Qwhat provisions have been allocated by g.m.seed producers to deal with cleanup of unwanted crops from neighbouring farms or recovery and eradication of cultivars if they are proven to cause harm?

what provisions have been allocated by g.m.seed producers to deal with cleanup of unwanted crops from neighbouring farms or recovery and eradication of cultivars if they are proven to cause harm?

AExpert Answer

GM seed producers, such as Bayer, go through lengthy testing with regulators to prove the safety of their GM product for humans, animals and the environment before being authorized to sell such GM seed by regulatory agencies such as the Environmental Protection Agency, Food and Drug Administration and/or U.S. Department of Agriculture. Since the first plantings of commercialized GM seed in 1996 (19 years ago), it has not been proven to cause harm. Growers are free to choose the seed they wish to purchase and grow based on preference, regulations, agronomic considerations, etc. If, for instance, a grower of a non-GM crop does not wish to have pollen from a GM crop grown on an adjacent farm cross-pollinating their crop, there are some best management considerations that facilitate such coexistence, including spatial, temporal and/or physical isolation.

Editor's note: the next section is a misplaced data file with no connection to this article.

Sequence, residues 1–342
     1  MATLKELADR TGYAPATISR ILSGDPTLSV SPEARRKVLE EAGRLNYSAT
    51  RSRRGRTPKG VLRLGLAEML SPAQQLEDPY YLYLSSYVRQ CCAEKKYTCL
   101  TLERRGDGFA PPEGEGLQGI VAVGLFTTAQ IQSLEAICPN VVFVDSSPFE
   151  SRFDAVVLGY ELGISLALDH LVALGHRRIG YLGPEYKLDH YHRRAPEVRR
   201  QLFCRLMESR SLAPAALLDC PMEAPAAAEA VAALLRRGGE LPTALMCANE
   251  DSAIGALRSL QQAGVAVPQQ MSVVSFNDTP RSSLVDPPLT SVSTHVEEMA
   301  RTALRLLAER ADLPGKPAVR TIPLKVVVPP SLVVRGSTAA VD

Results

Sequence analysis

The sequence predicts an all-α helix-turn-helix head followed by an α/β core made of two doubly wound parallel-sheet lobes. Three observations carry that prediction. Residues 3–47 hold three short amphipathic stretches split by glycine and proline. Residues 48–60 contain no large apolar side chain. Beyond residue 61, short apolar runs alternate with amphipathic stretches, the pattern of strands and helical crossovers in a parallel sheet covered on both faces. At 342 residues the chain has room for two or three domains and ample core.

In the very unlikely event that a GM crop would be proven to cause harm, Bayer has an emergency contact number and has an established procedure to address and manage issues. Further recourse to national laws and even international environmental protection laws exists. If you still have questions, please ask.

AExpert Answer

While biotech crops have been planted for more than a decade on over four billion acres of land without causing any damage to biological diversity, the public continues to have questions about how they can be sure there are appropriate mechanisms in place to address the unlikely chance that these products could cause some kind of harm to the environment. The leading agricultural biotechnology provider companies — BASF, Bayers, Dow Agrosciences, DuPont, Monsanto and Syngenta — are addressing some of this concern by voluntarily offering a legally binding mechanism for seeking redress if the release of one of their ag-biotech products causes damage to biological diversity. This groundbreaking agreement, called the Compact, is a demonstration of the companies’ confidence in the safety of their products and their commitment to protect biological diversity. In the unlikely event that one of their products causes damage to biological diversity, the Compact sets out clearly defined rules and procedures for filing a claim and having that claim be evaluated and decided upon in a timely and independent way. For more information, please visit www.biodiversitycompact.org.

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